I recently posted about disabling the root user on Ubuntu. A seemingly obvious next step might be to avoid having to use passwords altogether. I use SSH keys to monitor my servers. Non-Exhaustive benefits (assuming that you keep your keys safe):
- SSH keys are a lot less likely to be brute forced than a password.
- Password authentication can be disabled if appropriate.
- Easier to setup scripts that connect to other servers E.g. rsync backup without supplying authentication credentials.
- Allow multiple people to share access to a system user without sharing the password.
- Remove access for an individual without altering the system configuration.
Generating a Key
Note: If you already have a key pair that you wish to use, skip to Configure a Remote User. You might have created a key already that you wish to retain, perhaps for a code repository or other service using SSH.
The key I refer to in the title is actually a key pair; public and private components. The key pair will be generated on the client; probably the computer you’re using (*nix based systems). I used my iMac for this post.
Trevs-iMac:~ trevor$ ssh-keygen -t rsa
You will likely be prompted for a file location to save your key pair. The default will likely be offered to you as the path .ssh/id_rsa within your home directory.
Generating public/private rsa key pair.
Enter file in which to save the key (/Users/trevor/.ssh/id_rsa):
Upon entering your own file name or accepting the default (enter without input), you will be given the opportunity to enter a passphrase.
Enter passphrase (empty for no passphrase):
A passphrase is optional; there are benefits to having one. Chiefly, if the key is compromised and in the hands of another it will be ineffective until the passphrase is also known. However, it does mean that you will need to type it when invoking the key for authentication; making unattended use less convenient.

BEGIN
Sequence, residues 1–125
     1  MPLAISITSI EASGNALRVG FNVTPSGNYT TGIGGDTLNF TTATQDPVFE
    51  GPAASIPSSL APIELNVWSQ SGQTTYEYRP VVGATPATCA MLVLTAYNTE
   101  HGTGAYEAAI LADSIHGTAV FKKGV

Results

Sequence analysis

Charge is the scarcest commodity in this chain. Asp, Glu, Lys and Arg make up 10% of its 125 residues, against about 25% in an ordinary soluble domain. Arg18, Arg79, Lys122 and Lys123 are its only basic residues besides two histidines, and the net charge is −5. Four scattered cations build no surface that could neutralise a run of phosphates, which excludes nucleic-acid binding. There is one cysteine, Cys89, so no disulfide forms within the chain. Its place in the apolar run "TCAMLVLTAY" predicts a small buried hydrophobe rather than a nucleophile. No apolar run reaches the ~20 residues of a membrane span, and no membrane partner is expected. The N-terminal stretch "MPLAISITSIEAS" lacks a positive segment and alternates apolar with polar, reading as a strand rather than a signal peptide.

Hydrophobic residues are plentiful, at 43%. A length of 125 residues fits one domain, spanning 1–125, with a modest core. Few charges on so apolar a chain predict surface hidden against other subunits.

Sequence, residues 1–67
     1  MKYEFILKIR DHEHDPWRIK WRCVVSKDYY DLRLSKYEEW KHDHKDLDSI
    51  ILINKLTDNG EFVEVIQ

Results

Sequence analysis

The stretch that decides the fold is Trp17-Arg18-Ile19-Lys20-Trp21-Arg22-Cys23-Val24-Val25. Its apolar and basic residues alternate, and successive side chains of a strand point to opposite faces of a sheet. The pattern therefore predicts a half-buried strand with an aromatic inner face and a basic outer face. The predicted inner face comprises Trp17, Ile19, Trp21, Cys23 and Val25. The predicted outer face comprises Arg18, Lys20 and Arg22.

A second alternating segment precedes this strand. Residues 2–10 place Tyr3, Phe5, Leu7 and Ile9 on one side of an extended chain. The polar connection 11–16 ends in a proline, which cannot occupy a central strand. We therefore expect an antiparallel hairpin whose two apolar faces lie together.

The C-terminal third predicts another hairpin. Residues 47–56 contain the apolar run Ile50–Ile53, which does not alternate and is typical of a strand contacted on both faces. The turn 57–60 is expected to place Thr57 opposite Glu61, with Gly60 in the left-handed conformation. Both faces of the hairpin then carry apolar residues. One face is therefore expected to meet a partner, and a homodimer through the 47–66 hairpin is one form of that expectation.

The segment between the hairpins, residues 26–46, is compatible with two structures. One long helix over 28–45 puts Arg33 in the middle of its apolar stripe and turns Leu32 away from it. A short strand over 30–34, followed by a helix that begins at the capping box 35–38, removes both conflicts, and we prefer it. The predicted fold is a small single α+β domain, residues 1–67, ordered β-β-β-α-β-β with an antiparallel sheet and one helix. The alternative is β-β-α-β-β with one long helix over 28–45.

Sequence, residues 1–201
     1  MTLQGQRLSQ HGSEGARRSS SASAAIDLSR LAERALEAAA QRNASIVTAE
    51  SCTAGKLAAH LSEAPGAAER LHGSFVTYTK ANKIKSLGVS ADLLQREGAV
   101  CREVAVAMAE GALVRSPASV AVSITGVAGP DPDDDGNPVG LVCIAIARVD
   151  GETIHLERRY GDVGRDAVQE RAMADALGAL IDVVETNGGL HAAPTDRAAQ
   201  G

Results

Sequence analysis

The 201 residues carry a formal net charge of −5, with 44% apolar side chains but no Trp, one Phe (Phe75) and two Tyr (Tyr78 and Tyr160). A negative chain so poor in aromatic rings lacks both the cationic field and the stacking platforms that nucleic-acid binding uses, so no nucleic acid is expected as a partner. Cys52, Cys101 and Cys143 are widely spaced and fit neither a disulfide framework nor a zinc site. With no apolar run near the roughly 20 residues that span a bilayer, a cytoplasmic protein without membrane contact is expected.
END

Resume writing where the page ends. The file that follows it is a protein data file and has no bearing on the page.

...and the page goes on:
Regardless of your decision concerning passphrase, your files will be located in the path you supplied; with the public component having the same name with a .pub extension.
You now have a key pair to use for authentication on a remote system.
Configure a Remote User
Using the key pair for the purposes of authentication is a straightforward exercise. You should keep your private key, private. The public key (contained in the file created with the .pub extension) is all that is required for the remote system.
If you are using a Linux based OS (OS X El Capitan does not have this command for some reason) you will likely have a terminal command that will achieve the results in one hit:
Where trevor is to be replaced with the user on the remote system.
Alternatively, log into the remote system and append the contents of your public key file into ~/.ssh/authorized_keys.
You can store as many public keys in this file as you wish, simply append them to the file.
Test the Configuration
You should now be able to test the connection from your client terminal. Simply enter (replacing trevor with your username):
Trevs-iMac:~ trevor$ ssh firstname.lastname@example.org
If you opted to use a passphrase, you will be prompted to enter it. You should be able to establish a secure connection to your remote system without requiring input of additional credentials.
Connecting via SSH with an authorised key offers some advantages. It keeps from having to type passwords into terminals or other input mechanisms. Password authentication could be disabled entirely, only allowing connections authenticated with public/private key.
Writing your own backup scripts on your development/hobby servers is simple and will not require a password to be stored or entered.
Consider using a passphrase if you cannot adequately secure your private key. You will gain more security at the expense of convenience.
SSH featured image.